‘Johnson’ recalls fight against racism
Mon., Jan. 17, 2005
Acclaimed filmmaker Ken Burns returns to a familiar theme with his latest four-hour, two-night documentary, “Unforgivable Blackness: The Rise and Fall of Jack Johnson” (9 p.m., KSPS, concludes Tuesday).
Over the past two decades, in films on topics as diverse as Thomas Jefferson, the Civil War, jazz and baseball, Burns has focused on the theme of race and racism in American history, a topic he considers essential to the American narrative and character.
A larger-than-life character, African American boxer Jack Johnson both embodies and transcends American racial attitudes.
The first two hours of “Johnson” focus on his rise in the ranks of heavyweight boxers and his long and often frustrating attempts to get a succession of white heavyweight champions to accept his challenge.
According to the peculiar mores of the time, racial supremacy could only be ensured if white boxing champions refused to compete with black contenders. And, in a further reversal of logic, the very white boxers who refused to fight Johnson accused him of having a cowardly “yellow” streak.
Johnson’s eventual success in the ring against white heavyweights further incensed his detractors. Upon winning the championship in 1908, a search for a “great white hope” produced a parade of pale palookas that Johnson dispatched with ease.
The series’ final two hours concentrate on Johnson’s demise at the hands of federal agents who arrested him on morals charges. Johnson’s brazen pursuit of happiness, and his taste for fast cars and white women, proved too much for his critics, both black and white.
Johnson eventually would flee the United States for Canada, Europe and Cuba.
While explicitly about race, “Johnson” also explores the incendiary power of film.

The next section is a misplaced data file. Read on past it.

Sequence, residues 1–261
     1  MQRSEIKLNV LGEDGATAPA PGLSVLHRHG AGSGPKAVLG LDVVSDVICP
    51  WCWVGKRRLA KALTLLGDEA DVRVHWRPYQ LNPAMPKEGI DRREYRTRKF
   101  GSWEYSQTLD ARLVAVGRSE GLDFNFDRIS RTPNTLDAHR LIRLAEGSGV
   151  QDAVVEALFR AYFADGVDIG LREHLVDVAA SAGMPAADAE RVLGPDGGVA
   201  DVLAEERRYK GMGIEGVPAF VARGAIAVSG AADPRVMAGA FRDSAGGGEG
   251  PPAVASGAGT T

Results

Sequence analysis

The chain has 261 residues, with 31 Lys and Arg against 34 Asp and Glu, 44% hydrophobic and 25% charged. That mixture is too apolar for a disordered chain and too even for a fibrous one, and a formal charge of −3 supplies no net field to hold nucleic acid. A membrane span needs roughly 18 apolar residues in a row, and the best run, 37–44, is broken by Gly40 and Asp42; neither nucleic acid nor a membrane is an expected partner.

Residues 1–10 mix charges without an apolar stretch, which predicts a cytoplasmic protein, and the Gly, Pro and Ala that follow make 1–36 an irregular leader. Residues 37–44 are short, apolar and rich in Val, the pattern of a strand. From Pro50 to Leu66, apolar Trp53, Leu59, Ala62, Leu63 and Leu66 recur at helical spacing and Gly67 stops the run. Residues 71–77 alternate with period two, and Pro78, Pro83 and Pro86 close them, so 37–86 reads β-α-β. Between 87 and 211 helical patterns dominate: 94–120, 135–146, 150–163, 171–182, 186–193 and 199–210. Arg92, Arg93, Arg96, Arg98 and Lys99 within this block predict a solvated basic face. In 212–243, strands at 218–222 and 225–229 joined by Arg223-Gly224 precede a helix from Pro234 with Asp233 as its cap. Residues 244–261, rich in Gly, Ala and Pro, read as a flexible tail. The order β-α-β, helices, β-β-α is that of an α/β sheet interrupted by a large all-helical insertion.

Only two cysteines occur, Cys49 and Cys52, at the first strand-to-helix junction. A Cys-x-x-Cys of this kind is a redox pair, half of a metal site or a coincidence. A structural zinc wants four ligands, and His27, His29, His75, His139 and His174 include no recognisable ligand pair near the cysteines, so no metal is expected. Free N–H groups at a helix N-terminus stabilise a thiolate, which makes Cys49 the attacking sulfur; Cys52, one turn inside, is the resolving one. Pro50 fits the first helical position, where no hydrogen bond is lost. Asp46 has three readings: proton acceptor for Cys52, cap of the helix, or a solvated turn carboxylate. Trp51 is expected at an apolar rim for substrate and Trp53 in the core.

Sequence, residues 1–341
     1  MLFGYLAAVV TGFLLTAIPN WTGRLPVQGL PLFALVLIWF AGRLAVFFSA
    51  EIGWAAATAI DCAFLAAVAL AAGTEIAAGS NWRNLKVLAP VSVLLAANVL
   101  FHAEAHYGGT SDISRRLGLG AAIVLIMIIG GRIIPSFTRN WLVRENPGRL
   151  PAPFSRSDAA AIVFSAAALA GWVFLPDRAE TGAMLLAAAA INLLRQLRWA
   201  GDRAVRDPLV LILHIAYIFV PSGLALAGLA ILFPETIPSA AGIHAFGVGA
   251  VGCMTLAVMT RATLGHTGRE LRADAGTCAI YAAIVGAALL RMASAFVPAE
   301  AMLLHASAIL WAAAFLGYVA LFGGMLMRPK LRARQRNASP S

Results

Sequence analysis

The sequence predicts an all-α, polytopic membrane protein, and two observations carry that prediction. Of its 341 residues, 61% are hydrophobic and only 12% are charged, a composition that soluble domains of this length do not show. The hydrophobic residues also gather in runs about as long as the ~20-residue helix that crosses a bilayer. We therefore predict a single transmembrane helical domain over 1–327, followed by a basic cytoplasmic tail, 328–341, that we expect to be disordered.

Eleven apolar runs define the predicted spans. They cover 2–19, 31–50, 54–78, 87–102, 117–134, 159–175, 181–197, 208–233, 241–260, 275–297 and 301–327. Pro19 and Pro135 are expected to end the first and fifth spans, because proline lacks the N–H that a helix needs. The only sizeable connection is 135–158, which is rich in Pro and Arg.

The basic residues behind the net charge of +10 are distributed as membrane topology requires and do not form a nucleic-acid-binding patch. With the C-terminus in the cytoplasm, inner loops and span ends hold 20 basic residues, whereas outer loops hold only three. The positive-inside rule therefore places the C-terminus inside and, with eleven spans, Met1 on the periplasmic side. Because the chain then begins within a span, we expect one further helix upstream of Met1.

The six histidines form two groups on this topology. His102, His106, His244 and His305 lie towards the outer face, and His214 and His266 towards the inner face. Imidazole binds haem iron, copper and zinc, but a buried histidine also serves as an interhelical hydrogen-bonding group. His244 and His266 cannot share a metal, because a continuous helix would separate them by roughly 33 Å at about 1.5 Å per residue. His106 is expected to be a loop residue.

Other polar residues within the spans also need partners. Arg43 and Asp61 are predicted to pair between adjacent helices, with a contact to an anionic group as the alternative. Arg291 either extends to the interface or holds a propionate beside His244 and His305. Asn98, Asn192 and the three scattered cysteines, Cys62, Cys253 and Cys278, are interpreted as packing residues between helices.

Beginning in 1908, all of Johnson’s bouts were filmed. In fact, movie rights to his fights were a big part of his purse.
But the moving image of a black man pummeling a white boxer proved explosive. After Johnson won the heavyweight title, race riots exploded across the country, leaving hundreds dead and inspiring legislation banning the distribution of boxing movies.
“Johnson” does a great job of conveying the brazen originality of its character. But it does an even better job of recalling the brutal prejudice of his times, a fact that makes Jack Johnson’s story all the more audacious and inspiring.
Edward Hermann narrates “The French Revolution” (9 p.m., History), a two-hour look at one of the pivotal social upheavals in history.
“Revolution” combines cinematic re-enactments with informed interviews, sumptuous period art, and a powerful if often intrusive musical soundtrack. A very impressive survey history, “Revolution” features much higher production values than the average History Channel offering.
Omar threatens Audrey to pressure Heller on “24” (9 p.m., Fox).
Is it too early to start the Chloe fan club? What other show would feature such a scowling, eye-rolling and thoroughly miserable heroine? I love her.
Ray needs picking up after on “Everybody Loves Raymond” (9 p.m., CBS).
A wayward guest threatens the casino’s reputation on “Las Vegas” (9 p.m., NBC).
VH1 asks audiences to flash back to the trivia of the recent past in the five-night special “I Love the ‘90s: Part Deux” (9 p.m., VH1, nightly through Friday).
A skeptic takes on Allison on “Medium” (10 p.m., NBC).
Imported domestic advice on the premiere of “Supernanny” (10 p.m., ABC).
The 1964 historical epic “The Fall of the Roman Empire” (7 p.m., TCM sports an all-star cast, including Sophia Loren, Alec Guinness, Stephen Boyd and James Mason.
Joe Rogan hosts “Fear Factor” (8 p.m., NBC) … Moms from Minnesota and Tennessee switch domiciles on “Trading Spouses” (8 p.m., Fox) … Moving on up on “Extreme Makeover: Home Edition: How’d They Do That?” (8 p.m., ABC) … A “Freaky Friday”-inspired episode of “One on One” (8 p.m., UPN) … The pressures of paternity on “7th Heaven” (8 p.m., WB) … Spencer finds some dangerous talent on “Half & Half” (8:30 p.m., UPN).
Maya quits her job on “Girlfriends” (9 p.m., UPN) … Stressed-out on “Everwood” (9 p.m., WB) … The earth moves for Alan on “Two and a Half Men” (9:30 p.m., CBS) … A clash of styles on “Second Time Around” (9:30 p.m., UPN) … The city goes on alert after a cop is slain on “CSI: Miami” (10 p.m., CBS).
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